Bethlehem managers gave the Grignard team the go-ahead and scheduled the project. The first step was a thorough inspection by the team to plan the project, which was estimated to take five days, cleaning one pipe at time to minimize disruptions to regular operations. The pH of the sludge was tested to assess the mineral composition and determine the dosing rate of the “struvicide” product and to establish a baseline to assess progress during the process.
The set-up for the work was straightforward. Bethlehem WWTP provided a balloon inlet cap for introducing the product at the top of the pipe and a flange at the bottom of the pipe with a 2-inch connection to facilitate recirculation back up to the top. Three 275-gallon totes of the struvicide product and a pump, supplied by the contractor, were placed by crane on the roof at the top of the pipe run.
Once everything was in place, the Grignard team introduced the product into the first pipe, recirculating it for eight hours. At the end of the day, the pipe was allowed to soak overnight. The following day, the pipe was flushed, and the contents pumped back into the tote for disposal. This process was repeated for the other two pipes in turn, so that the plant always had two pipes operational during the project. Throughout the process, we could see that the color of the liquid in the tote was changing, as the struvite in solution was recirculated into the tote. The pH was measured during the process, allowing the contractor to determine when the process was complete.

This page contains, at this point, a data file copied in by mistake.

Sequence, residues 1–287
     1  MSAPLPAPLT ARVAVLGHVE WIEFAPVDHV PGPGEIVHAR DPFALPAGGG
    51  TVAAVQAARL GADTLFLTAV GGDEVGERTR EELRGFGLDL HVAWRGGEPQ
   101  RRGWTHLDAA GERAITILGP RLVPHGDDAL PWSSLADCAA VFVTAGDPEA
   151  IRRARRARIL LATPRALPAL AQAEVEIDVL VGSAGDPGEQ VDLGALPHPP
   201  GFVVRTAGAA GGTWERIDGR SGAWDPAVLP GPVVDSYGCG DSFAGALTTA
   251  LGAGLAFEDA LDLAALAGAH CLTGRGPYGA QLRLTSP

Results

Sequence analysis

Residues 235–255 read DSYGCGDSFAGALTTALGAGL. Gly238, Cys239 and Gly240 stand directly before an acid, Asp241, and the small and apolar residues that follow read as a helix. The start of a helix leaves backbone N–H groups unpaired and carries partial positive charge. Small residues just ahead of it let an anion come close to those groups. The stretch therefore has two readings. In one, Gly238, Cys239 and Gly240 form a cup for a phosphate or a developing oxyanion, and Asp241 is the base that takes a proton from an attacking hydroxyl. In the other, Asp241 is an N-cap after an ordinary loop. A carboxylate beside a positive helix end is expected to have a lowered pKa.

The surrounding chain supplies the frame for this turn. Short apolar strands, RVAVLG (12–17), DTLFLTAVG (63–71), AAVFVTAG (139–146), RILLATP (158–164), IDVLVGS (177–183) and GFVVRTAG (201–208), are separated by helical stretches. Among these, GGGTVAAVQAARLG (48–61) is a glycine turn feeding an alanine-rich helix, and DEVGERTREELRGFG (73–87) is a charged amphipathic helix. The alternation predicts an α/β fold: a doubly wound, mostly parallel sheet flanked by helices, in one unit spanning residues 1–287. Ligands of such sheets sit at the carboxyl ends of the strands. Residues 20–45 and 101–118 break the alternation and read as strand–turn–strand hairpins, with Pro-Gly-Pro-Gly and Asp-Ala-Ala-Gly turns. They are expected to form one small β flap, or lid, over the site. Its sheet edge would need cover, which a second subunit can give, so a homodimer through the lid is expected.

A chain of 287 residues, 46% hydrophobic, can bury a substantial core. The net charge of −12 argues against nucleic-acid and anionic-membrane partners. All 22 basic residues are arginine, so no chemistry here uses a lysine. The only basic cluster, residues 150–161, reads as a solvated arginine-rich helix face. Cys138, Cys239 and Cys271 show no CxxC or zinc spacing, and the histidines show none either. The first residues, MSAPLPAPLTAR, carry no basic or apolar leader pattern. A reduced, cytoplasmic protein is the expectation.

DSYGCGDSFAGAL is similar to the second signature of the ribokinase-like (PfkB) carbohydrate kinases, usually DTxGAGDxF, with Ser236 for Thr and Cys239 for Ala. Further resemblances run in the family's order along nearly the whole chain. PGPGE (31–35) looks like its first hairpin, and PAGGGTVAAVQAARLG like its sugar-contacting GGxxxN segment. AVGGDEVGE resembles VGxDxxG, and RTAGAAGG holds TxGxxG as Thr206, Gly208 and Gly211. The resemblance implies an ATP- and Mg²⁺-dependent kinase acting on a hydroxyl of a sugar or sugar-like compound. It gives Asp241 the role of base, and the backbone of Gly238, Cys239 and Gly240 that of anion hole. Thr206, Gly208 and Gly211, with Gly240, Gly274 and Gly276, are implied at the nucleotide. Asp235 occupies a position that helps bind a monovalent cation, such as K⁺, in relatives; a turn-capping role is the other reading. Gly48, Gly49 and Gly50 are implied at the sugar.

Free of Struvite
At the end of the project, Bethlehem inspected the pipes and found they were now approximately 99% clean of the struvite. To see the pipe restored to almost new condition so quickly and with little impact on operational efficiency satisfied the WWTP.
The next concern was how to avoid future struvite problems. Here, too, Grignard had a solution: a struvicide formula designed for preventive maintenance use. This non-toxic product is fed directly into the digester sludge feed line on a daily basis to prevent buildups of struvite and scale. It is formulated to go through the plant process and has had no impact on the sludge nor on dewatering in the centrifuges. Operators continue to inspect the pipes and the struvite accumulation seems to be under control.
Since performing the removal, the Bethlehem WWTP has experienced no backups or foaming issues or rags clogging in the pipe—all common occurrences before the project. With a proven strategy for winning the struvite battle, operators and workers can focus time and energy on its core mission: meeting the wastewater treatment needs of the Bethlehem community efficiently and cost-effectively.